More than 600 companies and industry trade associations — including Walmart, Costco, Target, Gap, Levi Strauss and Foot Locker — wrote to the White House urging Trump to remove levies on China and end the ongoing trade war.
“We know firsthand that the additional tariffs will have a significant, negative, and long-term impact on American businesses, farmers, families, and the US economy,” the companies said in the letter. “An escalated trade war is not in the country’s best interest, and both sides will lose.”
Last month, the Trump administration increased tariffs to 25% from 10% on $200 billion worth of Chinese goods. The tariffs apply to consumer products such as luggage, mattresses, handbags, bicycles, vacuum cleaners and air conditioners. Additionally, Trump has threatened to impose tariffs on an additional $300 billion in goods imported from China — including toys, clothes, shoes, appliances and televisions.
“Tariffs are taxes paid directly by U.S. companies,” not China, the companies said to Trump. “Tariff increases and uncertainty around these trade negotiations have created turmoil in the markets, threatening our historic economic growth.”
The United States Trade Representative’s office will hold public hearings on the proposed tariffs starting Monday. Tariffs Hurt the Heartland, a business coalition formed to oppose tariffs, organized the letter to the White House ahead of the hearings. The coalition was backed by trade groups for the retail, tech, manufacturing and agricultural industries.
Although many big companies have developed strategies to blunt the impact of tariffs, top retailers have said in recent weeks that rising tariffs will raise their production costs and result in price hikes for consumers.
“At the end of the day, prices will go up on things,” Costco (COST) chief financial officer Richard Galanti told analysts last month. Dollar General (DG) Chief Financial Officer John Garratt also said the company’s low-income shopping base “will be facing higher prices as 2019 progresses.”
The Trump administration has played down the effects of tariffs on consumers so far.
Treasury Secretary Steven Mnuchin said last month at a House committee hearing that he doesn’t expect there will be “significant costs” for consumers. “I don’t necessarily agree with that,” said Mnuchin when pressed by Democrat Representative Cindy Axne of Iowa on whether prices of consumer goods would be higher.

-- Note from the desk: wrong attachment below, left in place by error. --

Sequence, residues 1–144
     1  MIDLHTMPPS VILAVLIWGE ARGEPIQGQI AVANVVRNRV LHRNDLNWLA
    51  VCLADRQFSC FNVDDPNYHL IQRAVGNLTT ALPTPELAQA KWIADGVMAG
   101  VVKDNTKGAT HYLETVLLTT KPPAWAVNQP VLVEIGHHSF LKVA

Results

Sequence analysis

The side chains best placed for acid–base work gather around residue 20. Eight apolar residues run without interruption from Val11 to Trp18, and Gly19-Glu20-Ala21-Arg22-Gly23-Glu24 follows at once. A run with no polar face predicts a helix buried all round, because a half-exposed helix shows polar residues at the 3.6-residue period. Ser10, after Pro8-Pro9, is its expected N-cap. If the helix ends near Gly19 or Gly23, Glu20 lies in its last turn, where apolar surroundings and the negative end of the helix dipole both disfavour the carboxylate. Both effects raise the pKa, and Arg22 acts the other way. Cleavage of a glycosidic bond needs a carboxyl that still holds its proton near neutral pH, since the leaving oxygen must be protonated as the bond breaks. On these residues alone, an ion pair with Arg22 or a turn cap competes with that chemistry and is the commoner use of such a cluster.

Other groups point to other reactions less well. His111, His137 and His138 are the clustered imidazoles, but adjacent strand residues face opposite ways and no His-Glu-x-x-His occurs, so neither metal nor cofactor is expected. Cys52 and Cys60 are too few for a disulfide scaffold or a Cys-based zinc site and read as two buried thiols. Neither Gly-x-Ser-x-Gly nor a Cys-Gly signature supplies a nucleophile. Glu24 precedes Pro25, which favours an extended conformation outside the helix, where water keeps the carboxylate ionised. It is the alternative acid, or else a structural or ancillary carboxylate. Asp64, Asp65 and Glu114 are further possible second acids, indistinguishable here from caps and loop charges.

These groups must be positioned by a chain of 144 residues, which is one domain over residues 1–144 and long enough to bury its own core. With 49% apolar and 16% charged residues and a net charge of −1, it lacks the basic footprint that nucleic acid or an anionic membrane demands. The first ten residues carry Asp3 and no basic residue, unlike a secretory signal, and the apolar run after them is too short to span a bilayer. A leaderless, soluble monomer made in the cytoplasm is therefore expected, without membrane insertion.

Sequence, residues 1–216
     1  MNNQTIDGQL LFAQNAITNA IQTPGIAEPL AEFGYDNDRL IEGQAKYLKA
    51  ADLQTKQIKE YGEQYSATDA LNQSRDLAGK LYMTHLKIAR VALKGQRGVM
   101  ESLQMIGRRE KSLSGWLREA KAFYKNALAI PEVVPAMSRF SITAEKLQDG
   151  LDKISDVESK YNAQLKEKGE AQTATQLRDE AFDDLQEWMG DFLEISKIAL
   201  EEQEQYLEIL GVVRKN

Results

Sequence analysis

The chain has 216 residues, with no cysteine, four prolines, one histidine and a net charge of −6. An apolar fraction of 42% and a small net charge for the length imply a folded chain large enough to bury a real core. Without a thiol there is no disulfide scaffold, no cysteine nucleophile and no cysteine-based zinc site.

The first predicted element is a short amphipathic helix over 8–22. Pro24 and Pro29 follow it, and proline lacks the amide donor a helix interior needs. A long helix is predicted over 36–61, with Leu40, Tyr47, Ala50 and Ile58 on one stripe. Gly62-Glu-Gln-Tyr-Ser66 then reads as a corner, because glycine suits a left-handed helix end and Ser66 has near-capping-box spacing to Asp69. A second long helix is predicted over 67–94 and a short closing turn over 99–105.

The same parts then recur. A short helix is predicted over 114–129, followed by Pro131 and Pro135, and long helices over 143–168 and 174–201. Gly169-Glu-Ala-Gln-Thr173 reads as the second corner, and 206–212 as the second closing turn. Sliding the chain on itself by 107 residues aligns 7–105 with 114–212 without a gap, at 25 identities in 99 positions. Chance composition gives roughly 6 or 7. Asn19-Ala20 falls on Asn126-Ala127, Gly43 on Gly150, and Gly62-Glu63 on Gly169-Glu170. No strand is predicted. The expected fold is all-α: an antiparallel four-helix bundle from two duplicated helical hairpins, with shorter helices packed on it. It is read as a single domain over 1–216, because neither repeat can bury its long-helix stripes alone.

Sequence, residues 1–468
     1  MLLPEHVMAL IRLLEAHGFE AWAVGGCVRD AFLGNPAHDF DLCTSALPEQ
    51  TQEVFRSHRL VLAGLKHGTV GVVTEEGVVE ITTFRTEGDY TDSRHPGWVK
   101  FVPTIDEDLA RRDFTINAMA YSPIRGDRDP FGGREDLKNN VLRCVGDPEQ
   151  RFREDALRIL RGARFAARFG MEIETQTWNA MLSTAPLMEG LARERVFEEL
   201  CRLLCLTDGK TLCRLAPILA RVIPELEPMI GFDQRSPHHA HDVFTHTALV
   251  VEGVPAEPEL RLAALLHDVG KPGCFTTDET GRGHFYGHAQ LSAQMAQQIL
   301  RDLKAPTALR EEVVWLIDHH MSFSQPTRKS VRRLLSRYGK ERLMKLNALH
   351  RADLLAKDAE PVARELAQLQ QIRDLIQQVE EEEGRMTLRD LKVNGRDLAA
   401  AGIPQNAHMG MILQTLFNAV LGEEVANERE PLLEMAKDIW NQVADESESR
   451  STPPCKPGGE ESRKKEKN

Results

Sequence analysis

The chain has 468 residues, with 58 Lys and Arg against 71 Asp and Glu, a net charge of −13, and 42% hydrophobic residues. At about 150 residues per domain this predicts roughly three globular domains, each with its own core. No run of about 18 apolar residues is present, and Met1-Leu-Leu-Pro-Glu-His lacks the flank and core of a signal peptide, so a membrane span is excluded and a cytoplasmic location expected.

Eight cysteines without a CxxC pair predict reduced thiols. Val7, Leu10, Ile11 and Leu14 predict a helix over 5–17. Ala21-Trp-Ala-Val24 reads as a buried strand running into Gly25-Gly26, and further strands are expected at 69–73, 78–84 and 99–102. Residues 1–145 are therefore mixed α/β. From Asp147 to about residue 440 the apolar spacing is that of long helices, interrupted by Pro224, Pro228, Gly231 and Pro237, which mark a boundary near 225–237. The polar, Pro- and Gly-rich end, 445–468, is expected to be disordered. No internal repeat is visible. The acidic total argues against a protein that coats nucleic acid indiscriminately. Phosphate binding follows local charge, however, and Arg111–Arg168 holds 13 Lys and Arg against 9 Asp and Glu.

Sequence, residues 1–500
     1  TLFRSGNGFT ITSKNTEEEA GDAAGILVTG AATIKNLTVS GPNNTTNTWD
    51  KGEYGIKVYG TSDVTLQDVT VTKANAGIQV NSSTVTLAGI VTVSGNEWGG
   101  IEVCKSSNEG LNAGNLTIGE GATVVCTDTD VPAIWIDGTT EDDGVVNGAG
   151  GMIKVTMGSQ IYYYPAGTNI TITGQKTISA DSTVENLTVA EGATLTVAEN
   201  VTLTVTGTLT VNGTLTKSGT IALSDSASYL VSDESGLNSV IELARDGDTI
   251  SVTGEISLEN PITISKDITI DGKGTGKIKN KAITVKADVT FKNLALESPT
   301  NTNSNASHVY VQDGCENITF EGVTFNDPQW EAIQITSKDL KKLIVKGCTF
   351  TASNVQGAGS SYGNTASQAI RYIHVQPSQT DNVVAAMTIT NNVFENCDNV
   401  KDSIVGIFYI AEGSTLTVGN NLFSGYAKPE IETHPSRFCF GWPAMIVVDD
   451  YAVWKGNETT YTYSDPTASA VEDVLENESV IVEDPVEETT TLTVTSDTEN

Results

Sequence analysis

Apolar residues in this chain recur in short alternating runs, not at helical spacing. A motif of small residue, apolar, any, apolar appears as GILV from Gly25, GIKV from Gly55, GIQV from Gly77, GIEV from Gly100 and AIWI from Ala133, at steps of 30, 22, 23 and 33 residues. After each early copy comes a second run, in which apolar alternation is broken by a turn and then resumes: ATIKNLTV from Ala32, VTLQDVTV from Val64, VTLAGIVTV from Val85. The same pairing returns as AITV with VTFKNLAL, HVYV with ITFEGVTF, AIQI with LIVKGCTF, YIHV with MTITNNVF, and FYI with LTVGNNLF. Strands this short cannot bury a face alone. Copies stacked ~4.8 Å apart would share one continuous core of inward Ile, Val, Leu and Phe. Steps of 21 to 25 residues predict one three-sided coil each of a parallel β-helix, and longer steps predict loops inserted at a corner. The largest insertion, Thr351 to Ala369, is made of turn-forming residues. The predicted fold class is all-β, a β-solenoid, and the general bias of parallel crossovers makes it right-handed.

However, the companies cited a study in their letter to the White House that found 25% tariffs on an additional $300 billion worth of Chinese goods would add more than $2,000 in costs for the average American family of four.
The cost to consumers wouldn’t always go up by 25% if tariffs are imposed. Some retailers may decide to absorb some of the cost of the tariff, negotiate with the exporting company for a lower price or move production out of China.
But the Trade Partnership, a consulting firm that works with industry trade associations, estimated that prices on clothes in the United States would rise by 5%, even if apparel companies tried to shift production away from China.
“The ability of US retailers to shift sourcing from China to other suppliers is limited and could take years to complete,” the Trade Partnership said in the report. “Even after possible changes in sourcing, the proposed tariffs would have a substantial negative impact on American consumers.”
Prices for shoes would rise by 8% for consumers, while toy prices would increase by 16%. China is the biggest supplier to the United States for both items.
Nike (NKE), Adidas (ADDDF) and Under Armour (UA) previously warned in May that 25% tariffs on imported shoes from China would be “catastrophic” consumers.
The study also estimated that household appliance prices would rise by 3% for consumers and travel goods would go up by around 10%.
New tariffs would hurt Trump’s voter base, said David French, a senior vice president at the National Retail Federation, which helped spearhead the letter.
“The president’s base is among the most economically vulnerable in the country,” he said. “These are exactly the people who cannot afford to pay hundreds or thousands of dollars more for everyday goods.”
— CNN Business’ Katie Lobosco contributed to this report.
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